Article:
The Biden Administration has formally proposed regulations rescinding Trump-era Navigable Waters Protection (NWP) Rule and restoring and expanding upon the Obama-era Environmental Protection Agency’s (EPA) expansive definition of the federal government’s control of wetlands under the 1972 Clean Water Act
The Obama-era “Water of the United States” (WOTUS) rule, was bitterly opposed by agricultural and commercial interests for writing the word ‘navigable,’ as in Navigable Waters of the United States,” out of the Clean Water Act.
Obama’s WOTUS rule excesses
Biden’s November 18, 2021 action revives the controversy over the WOTUS rule, which began when it was first proposed in 2015 by the EPA.
Action from two separate federal courts prevented WOTUS from ever taking nationwide effect.
The state of Texas, two other states, and 18 private organizations, for example, the American Farm Bureau Federation, the American Petroleum Institute, the National Association of Home Builders, and the National Association of Manufacturers, brought a lawsuit challenging WOTUS in a federal district court in Galveston, Texas.
District judge George Hanks, Jr. ruled for the plaintiffs stating that the WOTUS rule violated the 1946 Administrative Procedure Act by preventing interested parties from commenting on the studies that served as the rule’s technical basis.
Judge Hanks also determined the Obama Administration violated the APA by adopting a revised definition of “waters of the United States” in its final rule without public input, that was different from the proposed rule definition of “adjacent waters,” The revised rule was based on the mere proximity of a piece of land to a water of the United States, not biological or hydrological characteristics of the land.
In a second case challenging WOTUS brought by ten states led by Georgia, federal district judge Lisa Godbey Wood, of the U.S. District Court for the Southern District of Georgia ruled the government exceeded its lawful authority in promulgating the 2015 WOTUS rule specifically with regard to the “navigable waters” issue.
“Because this broad definition would include waters that have little or no connection to navigable-in-fact waters like the ponds in SWANCC (a previous legal case), the inclusion of all interstate waters violates the significant-nexus test,” said Wood’s ruling.
Trump Administration Revises Water Rule
The upshot of the two court rulings was the WOTUS rule was in effect in 22 states and suspended in the other 28 states.
To ensure consistent application of the law across the nation, and to correct errors found by the two courts, under President Donald Trump the EPA promulgated the NWP rule in January 2020.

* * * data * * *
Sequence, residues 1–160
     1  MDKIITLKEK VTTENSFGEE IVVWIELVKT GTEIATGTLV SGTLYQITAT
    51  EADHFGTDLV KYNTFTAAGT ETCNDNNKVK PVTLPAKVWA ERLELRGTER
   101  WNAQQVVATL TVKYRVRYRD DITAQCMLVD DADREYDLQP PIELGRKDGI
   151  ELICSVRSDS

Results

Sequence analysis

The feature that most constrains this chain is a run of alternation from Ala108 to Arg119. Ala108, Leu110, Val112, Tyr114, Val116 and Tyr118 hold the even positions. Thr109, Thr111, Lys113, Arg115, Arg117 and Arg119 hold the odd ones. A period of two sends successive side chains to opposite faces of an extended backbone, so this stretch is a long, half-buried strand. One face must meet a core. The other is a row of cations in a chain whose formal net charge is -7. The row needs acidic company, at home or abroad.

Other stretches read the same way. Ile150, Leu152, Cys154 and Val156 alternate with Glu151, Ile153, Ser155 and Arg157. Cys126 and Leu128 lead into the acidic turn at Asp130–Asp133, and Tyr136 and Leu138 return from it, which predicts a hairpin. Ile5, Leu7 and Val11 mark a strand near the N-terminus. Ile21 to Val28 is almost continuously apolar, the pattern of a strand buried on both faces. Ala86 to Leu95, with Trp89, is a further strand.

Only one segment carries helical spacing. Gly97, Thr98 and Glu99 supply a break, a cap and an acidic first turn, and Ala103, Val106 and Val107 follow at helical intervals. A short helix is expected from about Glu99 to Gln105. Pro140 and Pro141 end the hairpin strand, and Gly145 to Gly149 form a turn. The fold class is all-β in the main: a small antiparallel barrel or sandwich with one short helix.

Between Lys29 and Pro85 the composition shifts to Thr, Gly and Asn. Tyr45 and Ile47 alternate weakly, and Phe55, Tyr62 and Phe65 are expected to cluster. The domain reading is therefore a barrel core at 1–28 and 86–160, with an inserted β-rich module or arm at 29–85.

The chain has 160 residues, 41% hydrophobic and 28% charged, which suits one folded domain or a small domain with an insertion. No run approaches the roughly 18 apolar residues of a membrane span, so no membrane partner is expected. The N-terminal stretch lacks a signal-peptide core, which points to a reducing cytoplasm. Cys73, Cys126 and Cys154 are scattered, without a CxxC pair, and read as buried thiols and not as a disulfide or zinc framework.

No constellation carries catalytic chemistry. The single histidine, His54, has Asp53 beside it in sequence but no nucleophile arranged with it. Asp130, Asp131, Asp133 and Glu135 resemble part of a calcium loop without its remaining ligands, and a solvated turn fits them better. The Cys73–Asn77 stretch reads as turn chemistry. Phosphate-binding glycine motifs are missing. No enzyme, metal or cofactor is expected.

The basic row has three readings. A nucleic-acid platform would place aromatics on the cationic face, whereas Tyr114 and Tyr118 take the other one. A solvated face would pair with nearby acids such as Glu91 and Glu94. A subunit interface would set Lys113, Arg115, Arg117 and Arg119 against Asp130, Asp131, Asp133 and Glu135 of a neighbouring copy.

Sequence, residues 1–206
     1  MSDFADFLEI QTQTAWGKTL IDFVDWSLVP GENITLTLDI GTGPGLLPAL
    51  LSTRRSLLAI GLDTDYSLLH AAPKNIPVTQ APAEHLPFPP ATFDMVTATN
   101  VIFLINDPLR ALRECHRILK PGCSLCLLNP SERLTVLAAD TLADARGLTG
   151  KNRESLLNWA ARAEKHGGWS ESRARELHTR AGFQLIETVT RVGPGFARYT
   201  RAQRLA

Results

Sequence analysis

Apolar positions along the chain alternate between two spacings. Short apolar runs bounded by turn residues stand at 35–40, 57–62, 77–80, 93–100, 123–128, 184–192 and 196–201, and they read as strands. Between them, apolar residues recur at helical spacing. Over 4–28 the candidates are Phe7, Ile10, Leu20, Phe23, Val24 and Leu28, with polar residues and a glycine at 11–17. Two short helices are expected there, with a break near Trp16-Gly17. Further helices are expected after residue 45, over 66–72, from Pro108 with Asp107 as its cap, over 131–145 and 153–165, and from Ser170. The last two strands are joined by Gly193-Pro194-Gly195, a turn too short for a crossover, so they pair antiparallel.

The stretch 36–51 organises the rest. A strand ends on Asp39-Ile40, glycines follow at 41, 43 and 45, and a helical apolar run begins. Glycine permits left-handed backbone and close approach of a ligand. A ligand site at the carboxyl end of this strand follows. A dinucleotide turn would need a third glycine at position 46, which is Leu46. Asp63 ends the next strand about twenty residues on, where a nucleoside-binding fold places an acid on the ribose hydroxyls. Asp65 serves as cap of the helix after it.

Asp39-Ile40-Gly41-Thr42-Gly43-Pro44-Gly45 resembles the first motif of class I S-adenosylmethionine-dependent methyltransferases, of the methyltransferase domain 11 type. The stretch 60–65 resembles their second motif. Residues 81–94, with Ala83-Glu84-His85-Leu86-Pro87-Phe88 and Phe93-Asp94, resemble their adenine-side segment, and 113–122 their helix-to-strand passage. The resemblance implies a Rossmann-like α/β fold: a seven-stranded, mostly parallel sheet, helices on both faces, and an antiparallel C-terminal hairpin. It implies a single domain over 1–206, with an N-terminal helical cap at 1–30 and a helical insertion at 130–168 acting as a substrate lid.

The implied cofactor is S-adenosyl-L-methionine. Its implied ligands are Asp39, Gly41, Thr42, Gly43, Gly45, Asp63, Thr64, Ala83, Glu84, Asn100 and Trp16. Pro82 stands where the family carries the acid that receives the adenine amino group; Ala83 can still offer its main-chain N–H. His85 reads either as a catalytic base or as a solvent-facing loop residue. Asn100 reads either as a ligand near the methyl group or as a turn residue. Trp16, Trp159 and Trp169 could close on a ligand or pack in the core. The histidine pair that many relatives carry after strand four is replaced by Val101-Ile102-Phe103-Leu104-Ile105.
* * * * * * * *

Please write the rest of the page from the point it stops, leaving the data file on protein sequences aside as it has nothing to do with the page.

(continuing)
The NWP rule removed protections from ephemeral tributaries that only flow during precipitation. It also excluded all ditches, whereas the Obama rule regulated ditches if they flowed year-round.
The 2020 rule covered only lakes and ponds, including artificial lakes and ponds, from which water drains to downstream tributaries or other features. Similarly, the rule applied only to wetlands that directly abut other regulated waters or are separated only by natural berms, banks, dunes, or permeable artificial barriers like dikes, levees, and roads.
Biden WOTUS Reversal
The Trump administration’s NWP rule was also challenged in court and blocked by federal courts in Arizona and New Mexico in 2021.
As a result, the EPA and the U.S. Army Corps of Engineers have been operating under the pre-2015 Clean Water Act.
The Biden EPA wants to restore and build on the Obama-era WOTUS rule, despite two federal courts having previously ruled against it.
Biden officials claim their 290-page proposed “foundational” rule is based on a major effort to build a scientific foundation for re-regulating non-navigable waters while staying within the boundaries outlined in the various federal courts. The EPA claims the proposal maintains longstanding exclusions of the pre-2015 regulations as well as exemptions and exclusions important to the agricultural community.
Imposing an expanded WOTUS rule will only invite property rights violation and result in uncertainty and costly red tape, said Sen. Mike Crapo (R-ID) and Sen. Jim Risch (R-ID), in a joint statement castigating the Biden administration’s proposal.
“The Trump-era National Water Protection Rule clearly delineated federal jurisdiction while respecting states’ rights,” said Crapo. “Under the guise of returning to the pre-2015 standard, the Biden Administration will likely implement an even stricter standard than the Obama Administration.
“Effective and environmentally sound water quality management policies are best decided by state and local on-the-ground experts,” Crapo said.
“Regulating a ditch as if it’s a major river would be laughable were it not for its crippling effect on Idaho’s farmers, ranchers, and landowners,” said Risch. “The Navigable Waters Protection rule signaled a restoration of common sense.
“Rolling back this policy means more red tape, confusion, regulatory costs, and an even more bloated and powerful federal government,” Risch said.
The Biden administration is focused on growing the power of radical environmentalists over peoples’ lives, says Craig Rucker, president and co-founder of the Committee For A Constructive Tomorrow, which co-publishes Environment & Climate News.
“It is clear by his actions to get the U.S. back in the Paris accord, push a radical 30×30 land grab, and use an “infrastructure” bill to finance Green New Deal initiatives, President Biden has sold his soul to the most radical elements of the environmental movement,” Rucker said. “We can expect whatever he puts forward to redefine “navigable waters” under WOTUS will also be to the liking of eco-extremists, with little to no regard for farmers, ranchers and property owners.”
Duggan Flanakin is the Director of Policy Research at the Committee For A Constructive Tomorrow.